With the first four days of training camp in the books for the Minnesota Vikings, trends have started to develop. Although it’s too early to say anything will be this or that with 100% certainty, we can take a look at how things have unfolded so far, and what we should be looking at with a keen eye as we move forward. Let’s take a look at three things I like, and three things I’m worried about.
What I like:
The first team offense, so far: It sounds like the new look offense is paying off early, at least in the few glimpses we’ve seen in full 11 on 11 sessions. In one on one drills, the offensive line appears to be holding their own against the defensive line, and in years past, that wasn’t necessarily the case. There’s a long way to go, to be sure, but I have yet to hear the dreaded phrase ‘the defense is ahead of the offense right now’ (which is a Training Camp Bingo Card space, btw), and for being almost a full week into camp I’ll take it.
The top three draft picks: The Vikings did the ‘straight into my veins’ strategy with the offense during the draft, taking four offensive players in the first four picks. Garrett Bradbury seems to be as advertised so far, playing well and holding his own. Irv Smith, Jr. is a name I haven’t heard a lot of, but the offense has extensively practiced with the two tight end ‘12’ formation since camp began. Third round pick Alexander Mattison has arguably been the most impressive first year player in camp to this point, and if the early returns are any indication, is well on his way to locking down the RB2 position. He’s running and catching the ball well, and has gotten rave reviews as a pass blocker.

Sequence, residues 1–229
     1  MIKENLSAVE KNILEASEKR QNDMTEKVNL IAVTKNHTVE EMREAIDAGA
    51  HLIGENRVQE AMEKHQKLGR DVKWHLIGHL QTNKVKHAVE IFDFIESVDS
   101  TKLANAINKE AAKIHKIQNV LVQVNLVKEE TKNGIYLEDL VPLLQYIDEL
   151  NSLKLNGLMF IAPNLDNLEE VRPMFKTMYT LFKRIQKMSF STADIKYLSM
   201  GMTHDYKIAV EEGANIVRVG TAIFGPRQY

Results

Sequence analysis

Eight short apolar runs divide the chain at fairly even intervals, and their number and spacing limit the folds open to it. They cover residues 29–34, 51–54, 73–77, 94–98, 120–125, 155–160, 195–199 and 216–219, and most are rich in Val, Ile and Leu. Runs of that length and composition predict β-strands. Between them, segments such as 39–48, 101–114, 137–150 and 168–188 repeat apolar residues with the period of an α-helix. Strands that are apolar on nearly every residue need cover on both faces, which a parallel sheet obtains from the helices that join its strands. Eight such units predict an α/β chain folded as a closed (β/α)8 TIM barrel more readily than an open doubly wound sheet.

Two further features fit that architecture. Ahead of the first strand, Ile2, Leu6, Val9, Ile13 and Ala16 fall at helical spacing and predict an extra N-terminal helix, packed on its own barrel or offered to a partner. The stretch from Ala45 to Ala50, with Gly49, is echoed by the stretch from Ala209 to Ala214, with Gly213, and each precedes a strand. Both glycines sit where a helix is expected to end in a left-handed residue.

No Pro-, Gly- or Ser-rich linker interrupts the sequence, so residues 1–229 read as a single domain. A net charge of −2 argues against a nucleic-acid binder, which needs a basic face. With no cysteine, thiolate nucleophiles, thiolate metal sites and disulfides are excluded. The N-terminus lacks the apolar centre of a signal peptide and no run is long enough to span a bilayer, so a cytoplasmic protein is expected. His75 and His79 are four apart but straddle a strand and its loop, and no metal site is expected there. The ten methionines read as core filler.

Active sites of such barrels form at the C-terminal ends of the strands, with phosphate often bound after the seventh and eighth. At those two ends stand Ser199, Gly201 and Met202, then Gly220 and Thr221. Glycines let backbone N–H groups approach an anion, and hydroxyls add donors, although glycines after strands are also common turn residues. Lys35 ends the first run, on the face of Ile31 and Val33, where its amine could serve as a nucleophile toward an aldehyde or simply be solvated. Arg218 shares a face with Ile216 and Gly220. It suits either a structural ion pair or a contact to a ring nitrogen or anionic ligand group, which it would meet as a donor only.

The defensive line depth: On day one of camp we learned that DE Tashawn Bower had torn his Achilles heel, and it left me wondering about how that would affect the overall depth and rotation for the defensive line. It appears that Ifeadi Odenigbo has stepped right in at DE and is very much in the mix for a roster spot. Add in some early positive returns for guys like Jalyn Holmes and Hercules Mata’afa, and it looks like the Vikings d-line will remain one of the deepest and most talented in the league.
What worries me:
Wide receivers not named Adam Thielen or Stefon Diggs: the failure of Laquon Treadwell to develop has really put the WR3 spot in a bind. Chad Beebe and Jordan Taylor have split most of the WR3 reps to this point, as Brandon Zylstra was nursing a mild hamstring injury for the first couple days. Granted, it’s only been four days, and it’s reasonable to include Irv Smith as a legit WR3 option in a lot of offensive sets the Vikes will run, but it’s still mildly troubling that one of the 27 WR’s currently on the roster hasn’t started to take control of the third and fourth spot. But, you know, let’s play a pre-season game or two before we start to set our hair on fire over it.
The kicking game: However, we can fully set our hair on fire over the kicking game, amirite? Between Dan Bailey missing more kicks than he should to alleviate a fan base suffering from Maximus Kickus Anxietus, a constant rotation of potential holders, and a legit long snapper competition, this is arguably the most troubling spot on the roster right now. I think things will calm down once they get the long snapper and holder figured out, but if it doesn’t I’ll be willing to give the old Schaper Super Toe kicker a shot.
Cornerbacks after Trae Waynes, Xavier Rhodes, and Mackensie Alexander: We knew about Holton Hill’s eight game suspension before camp began, but on day one it was announced that Mike Hughes was going to be put on the PUP list, and it was also revealed that he had suffered ‘multiple ligament damage’, and not ‘just’ a torn ACL when he was injured last season. Lovely. I don’t expect Hughes to be ready for the season opener, and anticipate him being put on either the PUP or Injured Reserve-Return list once the regular season starts. That means the Vikings can suffer literally zero injuries to their top three guys without digging into the well of the Great Unknown, much like the wide receiver depth and questions. Same caveat still applies for this group as well as the reserve wide receivers: it’s still early, and there is plenty of time for someone to step up and stand out over everyone else, but with the level of QB play in the other two thirds of the division, someone is going to need to, barring the Vikings signing a veteran free agent.